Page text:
How Not to Get Ripped Off on Car Repairs: Lessons from a Woman Mechanic


Do you know what's under the hood? Do you know what's under the hood? Nowadays, people barely read their automobile manual, let alone tinker with their engine. Audra Fordin, the owner of Great Bear Auto and Body Shop in Queens, NY, tells Shine that you can save hundreds of dollars a year by tackling basic repairs yourself. "There are a ton of things you can fix--from wipers, to fuses, to headlights--with ten dollars and a screw driver instead of a trip to the garage."

Fordin, a fourth generation mechanic, learned her trade by her father's side. "My dad was a workaholic," she laughs. "I was a little girl who wanted to hang with daddy. In order to do that, I had to work." Fordin is spreading the knowledge. A mom of three, she works with the Girl Scouts and runs workshops and an instructional website, Women Auto Know. "Its always easier to be ripped off when you are uneducated," she warns. "With education comes confidence. You won't be messed with as easily." 

Here are her top money-saving tips:

1. Changing your coolant on time can save you at least a thousand dollars in repairs over the course of your car's lifetime. It helps keep your car cool in the summer and warm in the winter. If you ignore the coolant, your engine can overheat. Fordin says it's worth the couple hundred of dollars it will cost to drain the entire system of coolant every few years before replacing it with new fluid. Consult your manual to see the exact timing for your car.

2. Maintaining the correct tire pressure has a "massive chain effect," Fordin says, on the health of your car. The car body will be under less stress, you'll use less gas, and your tires will last two to three times longer. She recommends checking the tire pressure with a gauge ("kicking them doesn't work") every time there is a temperature change of more than ten degrees.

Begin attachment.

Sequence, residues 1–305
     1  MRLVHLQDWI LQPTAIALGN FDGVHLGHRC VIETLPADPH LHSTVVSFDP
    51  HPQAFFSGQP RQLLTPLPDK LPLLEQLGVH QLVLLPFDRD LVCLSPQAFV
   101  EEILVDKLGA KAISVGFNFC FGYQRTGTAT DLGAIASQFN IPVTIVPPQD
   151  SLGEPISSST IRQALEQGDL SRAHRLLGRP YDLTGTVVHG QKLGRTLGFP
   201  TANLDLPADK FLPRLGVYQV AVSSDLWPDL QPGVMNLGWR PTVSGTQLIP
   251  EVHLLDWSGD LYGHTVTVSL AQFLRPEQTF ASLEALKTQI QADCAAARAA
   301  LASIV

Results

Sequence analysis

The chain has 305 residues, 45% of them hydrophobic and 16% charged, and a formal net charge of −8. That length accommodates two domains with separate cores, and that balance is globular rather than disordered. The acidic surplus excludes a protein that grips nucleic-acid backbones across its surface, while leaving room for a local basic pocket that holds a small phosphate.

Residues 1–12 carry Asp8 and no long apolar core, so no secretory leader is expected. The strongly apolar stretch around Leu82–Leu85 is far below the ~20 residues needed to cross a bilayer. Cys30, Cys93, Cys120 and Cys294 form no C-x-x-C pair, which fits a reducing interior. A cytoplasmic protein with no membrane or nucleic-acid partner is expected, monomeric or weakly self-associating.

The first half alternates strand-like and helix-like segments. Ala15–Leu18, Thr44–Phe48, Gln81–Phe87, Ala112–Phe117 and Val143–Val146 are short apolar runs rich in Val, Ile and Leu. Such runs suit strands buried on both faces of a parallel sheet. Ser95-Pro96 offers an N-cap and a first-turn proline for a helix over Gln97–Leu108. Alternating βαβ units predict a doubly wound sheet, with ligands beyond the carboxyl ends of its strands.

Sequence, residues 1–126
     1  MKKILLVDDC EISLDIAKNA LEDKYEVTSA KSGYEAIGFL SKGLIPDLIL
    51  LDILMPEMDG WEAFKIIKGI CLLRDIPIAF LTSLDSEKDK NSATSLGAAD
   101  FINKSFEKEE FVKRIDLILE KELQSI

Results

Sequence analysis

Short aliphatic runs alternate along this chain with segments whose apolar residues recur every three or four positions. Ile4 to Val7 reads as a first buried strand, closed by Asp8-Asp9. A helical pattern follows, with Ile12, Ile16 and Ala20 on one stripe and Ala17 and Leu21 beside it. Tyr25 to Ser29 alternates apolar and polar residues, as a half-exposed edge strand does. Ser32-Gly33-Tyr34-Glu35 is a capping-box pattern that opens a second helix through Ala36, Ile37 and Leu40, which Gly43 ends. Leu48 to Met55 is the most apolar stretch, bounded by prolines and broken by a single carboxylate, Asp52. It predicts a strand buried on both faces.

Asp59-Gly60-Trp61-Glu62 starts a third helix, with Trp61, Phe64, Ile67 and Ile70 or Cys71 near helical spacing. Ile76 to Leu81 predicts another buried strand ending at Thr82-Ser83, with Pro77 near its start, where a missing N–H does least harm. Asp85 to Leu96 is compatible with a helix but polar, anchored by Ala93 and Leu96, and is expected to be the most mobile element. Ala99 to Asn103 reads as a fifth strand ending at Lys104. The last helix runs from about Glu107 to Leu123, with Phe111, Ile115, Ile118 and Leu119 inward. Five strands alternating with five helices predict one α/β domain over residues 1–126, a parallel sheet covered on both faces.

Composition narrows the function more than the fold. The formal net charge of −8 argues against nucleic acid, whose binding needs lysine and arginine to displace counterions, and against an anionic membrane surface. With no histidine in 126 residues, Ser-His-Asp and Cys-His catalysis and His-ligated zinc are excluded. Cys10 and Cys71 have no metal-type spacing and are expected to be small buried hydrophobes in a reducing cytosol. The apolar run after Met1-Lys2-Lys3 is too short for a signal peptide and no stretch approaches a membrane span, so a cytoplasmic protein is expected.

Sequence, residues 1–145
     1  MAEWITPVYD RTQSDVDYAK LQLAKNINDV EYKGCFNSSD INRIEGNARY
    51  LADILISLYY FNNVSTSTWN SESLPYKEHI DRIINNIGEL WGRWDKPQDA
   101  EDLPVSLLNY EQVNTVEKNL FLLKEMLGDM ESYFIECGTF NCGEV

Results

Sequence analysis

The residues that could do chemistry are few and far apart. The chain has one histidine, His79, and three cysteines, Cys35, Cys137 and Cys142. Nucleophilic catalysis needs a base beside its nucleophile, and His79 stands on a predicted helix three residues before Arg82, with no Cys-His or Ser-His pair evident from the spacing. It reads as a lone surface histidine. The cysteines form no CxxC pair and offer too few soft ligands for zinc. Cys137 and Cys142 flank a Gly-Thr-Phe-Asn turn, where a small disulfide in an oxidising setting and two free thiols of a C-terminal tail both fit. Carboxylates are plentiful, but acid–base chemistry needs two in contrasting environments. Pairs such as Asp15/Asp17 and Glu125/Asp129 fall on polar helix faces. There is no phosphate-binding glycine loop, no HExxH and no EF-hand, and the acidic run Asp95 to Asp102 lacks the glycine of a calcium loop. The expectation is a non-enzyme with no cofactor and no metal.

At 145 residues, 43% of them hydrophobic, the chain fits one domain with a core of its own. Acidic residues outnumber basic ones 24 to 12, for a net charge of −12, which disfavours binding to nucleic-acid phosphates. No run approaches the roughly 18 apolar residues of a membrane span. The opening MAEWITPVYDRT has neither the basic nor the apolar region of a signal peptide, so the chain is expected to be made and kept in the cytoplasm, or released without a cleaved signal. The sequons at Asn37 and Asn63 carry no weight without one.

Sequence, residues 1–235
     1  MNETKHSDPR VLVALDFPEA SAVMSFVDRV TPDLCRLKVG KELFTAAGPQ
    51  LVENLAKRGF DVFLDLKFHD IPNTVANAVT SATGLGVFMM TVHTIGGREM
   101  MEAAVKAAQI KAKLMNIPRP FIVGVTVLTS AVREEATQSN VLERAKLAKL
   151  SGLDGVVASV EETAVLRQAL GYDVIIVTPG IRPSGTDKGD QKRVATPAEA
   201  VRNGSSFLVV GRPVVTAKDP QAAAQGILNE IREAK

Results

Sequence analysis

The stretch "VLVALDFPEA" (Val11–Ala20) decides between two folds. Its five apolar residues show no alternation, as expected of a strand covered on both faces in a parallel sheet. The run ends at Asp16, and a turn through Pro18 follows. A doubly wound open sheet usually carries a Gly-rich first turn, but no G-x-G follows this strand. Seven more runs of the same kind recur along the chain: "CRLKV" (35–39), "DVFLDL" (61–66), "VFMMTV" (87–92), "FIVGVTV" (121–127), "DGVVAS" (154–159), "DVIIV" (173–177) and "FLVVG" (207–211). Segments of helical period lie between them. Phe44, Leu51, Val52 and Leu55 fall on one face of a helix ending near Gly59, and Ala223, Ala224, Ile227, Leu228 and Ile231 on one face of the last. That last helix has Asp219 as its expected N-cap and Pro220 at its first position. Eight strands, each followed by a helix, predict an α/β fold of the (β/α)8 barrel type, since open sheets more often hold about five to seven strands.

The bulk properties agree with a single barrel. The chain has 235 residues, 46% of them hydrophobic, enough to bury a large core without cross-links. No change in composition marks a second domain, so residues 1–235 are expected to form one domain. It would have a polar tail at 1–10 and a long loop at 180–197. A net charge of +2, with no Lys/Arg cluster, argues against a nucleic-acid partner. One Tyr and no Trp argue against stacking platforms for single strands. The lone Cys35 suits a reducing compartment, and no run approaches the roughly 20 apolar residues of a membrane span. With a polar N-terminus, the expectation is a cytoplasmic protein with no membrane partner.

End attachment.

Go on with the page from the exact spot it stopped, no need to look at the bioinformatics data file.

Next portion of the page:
Audra FordinAudra Fordin3. If it's just regular maintenance or a minor repair, go to your garage when you have time. Don't ask your mechanic to hurry or tell them you have no time to wait. "If they rush, they may make mistakes and you'll pay for it."

4. "Don't say: 'I know it's probably something bad!'" If you are ignorant about your car, some mechanics will take full advantage.

5. Ask your mechanic to show you the problem. "If they say you need a new air filter, look at it! New brakes --look at them. Anything they want to replace should be shown to you."

6. Don't tell your garage you are going out of town and ask them to hold your car for you. It might be used as a loaner.

7. Don't ask, "Do I need new tires?" Fordin explains that tires have indicators built in that to help you keep track.They are embedded in the tread and show when the tires begin to wear down. For more info and tips, check out Fordin's Glove Box Guide.

8. Keep a log maintenance log. Write down your mileage, the repair, and the date. This way you "won't end up changing your oil 2000 miles before you have to."

9. Keep your receipts so you have proof of maintenance and repairs. It's the only way the work will be guaranteed. Producing all of your receipts can also help you sell your car. Fordin says, "It makes the next owner feel comfortable about the purchase."

10. "If they fix something without your authorization, consider it free," says Fordin. "It's your vehicle, you make the rules about what gets repaired."